3. There’s one official at the SD Velodrome behind a lot of the changes. She has made safety her mission. She helped implement the above changes, and joined the USAC officiating program with the mind of bringing some change to USAC. She’s now qualified to be a head USAC official, and has been head official of some of the Saturday Night races at the velodrome. She’s working to change the culture of USAC, too. She’s young, and a former racer who’s crashed bad. She’s “gets it.”
My response: This is great, and an example of how one person can make a difference. But the culture hasn’t changed yet in SoCal crits and road races, and officiating is still pretty much “anything goes,” with no follow-up on crashes, investigating why/how they happened, how they can be prevented, and identifying riders who need more hands-on help. In sum, I apologize for linking Jackie’s death to USAC, but it sounds like my premise was spot-on: Officials can make a difference, and they have an obligation to do the hard work of policing the peloton. That’s what they get paid to do.
May 24, 2014 § 69 Comments
I’ll be the first to admit that the patient was never particularly robust, but in 2014 there has been a noticeable decrease in the number of racers who line up on the weekend. At one of the best and toughest road races all year, Vlees Huis in Bakersfield, there was an incredibly tiny lineup despite this being one of the best organized, safest, and most challenging races on the calendar.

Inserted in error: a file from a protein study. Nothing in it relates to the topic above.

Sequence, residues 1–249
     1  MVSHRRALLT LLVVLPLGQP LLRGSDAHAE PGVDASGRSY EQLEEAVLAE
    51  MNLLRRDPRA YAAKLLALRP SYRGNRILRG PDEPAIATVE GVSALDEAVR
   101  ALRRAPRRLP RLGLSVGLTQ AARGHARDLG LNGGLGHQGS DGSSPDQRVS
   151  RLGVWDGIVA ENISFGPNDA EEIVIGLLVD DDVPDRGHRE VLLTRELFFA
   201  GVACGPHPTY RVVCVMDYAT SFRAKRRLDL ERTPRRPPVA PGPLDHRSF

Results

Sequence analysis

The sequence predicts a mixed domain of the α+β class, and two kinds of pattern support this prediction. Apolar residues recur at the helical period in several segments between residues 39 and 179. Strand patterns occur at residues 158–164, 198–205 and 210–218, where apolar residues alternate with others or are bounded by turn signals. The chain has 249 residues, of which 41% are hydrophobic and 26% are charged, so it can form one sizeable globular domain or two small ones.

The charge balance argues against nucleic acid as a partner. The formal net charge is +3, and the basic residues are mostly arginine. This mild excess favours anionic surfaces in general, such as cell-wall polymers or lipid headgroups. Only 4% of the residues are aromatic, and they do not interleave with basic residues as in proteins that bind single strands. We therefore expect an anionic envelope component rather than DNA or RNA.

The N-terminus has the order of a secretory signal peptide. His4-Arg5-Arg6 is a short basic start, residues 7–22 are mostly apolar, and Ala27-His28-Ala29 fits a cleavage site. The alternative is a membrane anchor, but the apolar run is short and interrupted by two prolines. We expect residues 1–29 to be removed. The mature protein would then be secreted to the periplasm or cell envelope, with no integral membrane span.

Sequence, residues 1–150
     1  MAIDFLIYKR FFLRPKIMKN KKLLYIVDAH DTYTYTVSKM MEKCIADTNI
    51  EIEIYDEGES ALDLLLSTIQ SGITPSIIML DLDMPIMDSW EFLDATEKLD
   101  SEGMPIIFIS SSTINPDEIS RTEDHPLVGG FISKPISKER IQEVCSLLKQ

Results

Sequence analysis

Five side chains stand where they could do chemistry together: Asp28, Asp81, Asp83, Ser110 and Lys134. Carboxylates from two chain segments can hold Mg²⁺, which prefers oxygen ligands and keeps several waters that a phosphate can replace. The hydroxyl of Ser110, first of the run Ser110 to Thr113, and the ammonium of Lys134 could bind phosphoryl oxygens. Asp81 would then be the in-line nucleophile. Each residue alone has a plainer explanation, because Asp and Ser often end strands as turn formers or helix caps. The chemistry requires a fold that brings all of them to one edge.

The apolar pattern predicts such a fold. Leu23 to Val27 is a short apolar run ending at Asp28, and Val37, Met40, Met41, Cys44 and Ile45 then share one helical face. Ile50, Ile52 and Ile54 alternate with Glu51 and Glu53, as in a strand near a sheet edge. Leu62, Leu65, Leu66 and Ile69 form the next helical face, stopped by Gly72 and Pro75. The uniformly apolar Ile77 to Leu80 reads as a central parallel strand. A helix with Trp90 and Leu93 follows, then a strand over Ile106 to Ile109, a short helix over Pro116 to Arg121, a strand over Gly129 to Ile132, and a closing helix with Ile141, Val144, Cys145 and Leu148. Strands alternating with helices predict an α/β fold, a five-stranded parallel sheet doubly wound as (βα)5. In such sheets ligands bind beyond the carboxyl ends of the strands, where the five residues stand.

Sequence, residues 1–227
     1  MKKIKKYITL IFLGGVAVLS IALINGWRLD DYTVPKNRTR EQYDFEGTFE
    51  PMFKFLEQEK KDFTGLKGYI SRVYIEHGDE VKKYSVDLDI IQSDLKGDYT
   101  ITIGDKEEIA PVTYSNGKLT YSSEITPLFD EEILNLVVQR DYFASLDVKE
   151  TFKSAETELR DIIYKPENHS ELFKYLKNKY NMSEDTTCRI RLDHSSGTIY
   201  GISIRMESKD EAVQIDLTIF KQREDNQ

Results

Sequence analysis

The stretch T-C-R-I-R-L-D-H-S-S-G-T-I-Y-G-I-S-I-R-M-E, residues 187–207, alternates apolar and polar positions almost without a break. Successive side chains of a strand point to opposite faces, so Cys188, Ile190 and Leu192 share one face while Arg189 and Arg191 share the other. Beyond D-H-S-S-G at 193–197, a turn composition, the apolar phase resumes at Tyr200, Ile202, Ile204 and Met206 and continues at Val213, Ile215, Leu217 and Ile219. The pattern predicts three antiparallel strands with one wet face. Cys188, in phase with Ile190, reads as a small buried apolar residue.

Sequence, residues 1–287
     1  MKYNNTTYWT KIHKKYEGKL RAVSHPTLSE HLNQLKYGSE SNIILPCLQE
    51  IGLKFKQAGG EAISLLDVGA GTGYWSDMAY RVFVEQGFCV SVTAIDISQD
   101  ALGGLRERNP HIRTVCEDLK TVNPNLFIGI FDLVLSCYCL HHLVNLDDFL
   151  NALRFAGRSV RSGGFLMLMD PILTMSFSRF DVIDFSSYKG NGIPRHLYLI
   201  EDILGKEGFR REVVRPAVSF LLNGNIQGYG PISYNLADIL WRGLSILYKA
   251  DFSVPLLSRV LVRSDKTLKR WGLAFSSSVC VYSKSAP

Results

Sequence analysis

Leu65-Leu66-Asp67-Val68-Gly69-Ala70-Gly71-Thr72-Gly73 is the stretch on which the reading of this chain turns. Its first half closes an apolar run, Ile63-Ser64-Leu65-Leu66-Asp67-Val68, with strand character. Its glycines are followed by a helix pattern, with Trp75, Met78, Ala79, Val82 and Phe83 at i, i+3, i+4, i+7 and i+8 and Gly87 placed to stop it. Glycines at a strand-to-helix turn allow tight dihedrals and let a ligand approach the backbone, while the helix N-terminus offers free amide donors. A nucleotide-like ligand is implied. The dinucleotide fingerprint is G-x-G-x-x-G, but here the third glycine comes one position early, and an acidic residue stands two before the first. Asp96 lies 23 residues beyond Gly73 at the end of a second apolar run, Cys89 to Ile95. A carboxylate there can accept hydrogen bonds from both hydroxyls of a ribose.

Plus they fuggin’ had beer. Now, when bike racers won’t show up to a bike race where it’s hotter than Beyonce doing the nasty with Heidi Klum and you get to slake your post-race heat prostration with cold, locally brewed beer, the Dogs have gone crazy.
We will leave aside for a moment the obvious: if Fields had ever heard you weren’t going to race your bike because it was “too hot” or “too cold” or “too rainy” or “too dangerous,” he would have kicked you off the team, repo’d your kit, and made you give back all the beer you had drunk. We will also leave aside for a moment that the “weather” in SoCal is the most wussified, gentle, bike-friendly weather in the continental United States.
Many factors may be at play besides the general cowardice, tenderness, and babyfication of modern SoCal bike racers, but there are only so many absentees you can blame on an angry spouse, the cost of entry fees, the fear of quadriplegia, and the general wussdom of all the riders who said they couldn’t do Vlees Huis because it was “too far to drive.” [Check the mileage sometime when you live in Houston and have signed up for the Fort Davis Stage Race for a bit of perspective on "too far to drive."]
Flapping of the gums
The other day I got into an argument about whether some guy was the best climber in the South Bay. Back in the day this would have been a relatively easy argument to resolve. The guy who had won more hilly road races, or the guy who was always at the front on the long climbs would be crowned the champ, even more beer would be drunk, and we’d find something else to argue about.
But this time my adversary pulled out a shocking counter-argument: his Strava KOM’s. A guy who’s done a handful of hilly road races and has consistently gotten shelled on the tough climbs — or who hasn’t even showed up — maintained that his sexy Strava performance on segments as short as 200 meters meant that he was somehow a really good climber.
What the hell is going on here?